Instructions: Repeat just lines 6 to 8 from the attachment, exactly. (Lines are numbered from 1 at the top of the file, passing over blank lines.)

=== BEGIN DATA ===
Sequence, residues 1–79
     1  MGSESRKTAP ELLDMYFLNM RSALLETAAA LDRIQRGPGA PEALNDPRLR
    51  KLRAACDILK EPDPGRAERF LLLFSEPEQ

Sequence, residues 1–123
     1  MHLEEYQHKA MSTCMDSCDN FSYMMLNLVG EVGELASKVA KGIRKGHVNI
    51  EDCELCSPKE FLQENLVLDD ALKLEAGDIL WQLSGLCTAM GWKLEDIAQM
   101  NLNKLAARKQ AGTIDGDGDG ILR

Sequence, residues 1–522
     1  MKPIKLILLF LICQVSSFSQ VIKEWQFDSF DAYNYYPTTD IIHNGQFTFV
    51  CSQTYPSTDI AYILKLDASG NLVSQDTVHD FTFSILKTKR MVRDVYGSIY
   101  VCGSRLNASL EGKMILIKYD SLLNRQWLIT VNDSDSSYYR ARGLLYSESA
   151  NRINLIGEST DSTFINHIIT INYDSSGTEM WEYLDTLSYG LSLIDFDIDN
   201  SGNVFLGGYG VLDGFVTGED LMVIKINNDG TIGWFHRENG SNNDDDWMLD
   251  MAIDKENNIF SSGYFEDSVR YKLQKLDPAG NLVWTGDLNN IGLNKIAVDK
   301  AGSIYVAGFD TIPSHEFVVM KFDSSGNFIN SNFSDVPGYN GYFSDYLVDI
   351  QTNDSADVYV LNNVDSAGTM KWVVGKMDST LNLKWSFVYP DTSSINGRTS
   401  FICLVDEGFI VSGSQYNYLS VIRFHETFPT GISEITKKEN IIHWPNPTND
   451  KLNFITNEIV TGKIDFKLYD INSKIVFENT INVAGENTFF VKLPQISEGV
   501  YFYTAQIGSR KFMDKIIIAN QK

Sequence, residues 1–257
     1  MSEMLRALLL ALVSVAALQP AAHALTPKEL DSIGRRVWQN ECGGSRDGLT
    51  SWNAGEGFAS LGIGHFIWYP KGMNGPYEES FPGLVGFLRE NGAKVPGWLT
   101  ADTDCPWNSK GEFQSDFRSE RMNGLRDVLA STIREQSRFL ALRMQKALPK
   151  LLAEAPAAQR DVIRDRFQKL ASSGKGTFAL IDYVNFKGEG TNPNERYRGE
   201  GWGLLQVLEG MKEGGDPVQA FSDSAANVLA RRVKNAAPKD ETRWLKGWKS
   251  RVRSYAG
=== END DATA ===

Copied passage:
    51  EDCELCSPKE FLQENLVLDD ALKLEAGDIL WQLSGLCTAM GWKLEDIAQM
   101  NLNKLAARKQ AGTIDGDGDG ILR

Sequence, residues 1–522